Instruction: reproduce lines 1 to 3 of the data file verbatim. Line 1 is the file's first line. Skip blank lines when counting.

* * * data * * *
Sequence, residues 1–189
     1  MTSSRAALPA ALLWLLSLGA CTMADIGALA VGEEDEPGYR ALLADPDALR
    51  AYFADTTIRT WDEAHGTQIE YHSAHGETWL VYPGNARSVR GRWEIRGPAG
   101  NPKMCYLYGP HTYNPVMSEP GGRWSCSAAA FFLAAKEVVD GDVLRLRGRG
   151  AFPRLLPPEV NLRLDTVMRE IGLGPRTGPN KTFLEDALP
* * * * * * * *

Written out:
Sequence, residues 1–189
     1  MTSSRAALPA ALLWLLSLGA CTMADIGALA VGEEDEPGYR ALLADPDALR
    51  AYFADTTIRT WDEAHGTQIE YHSAHGETWL VYPGNARSVR GRWEIRGPAG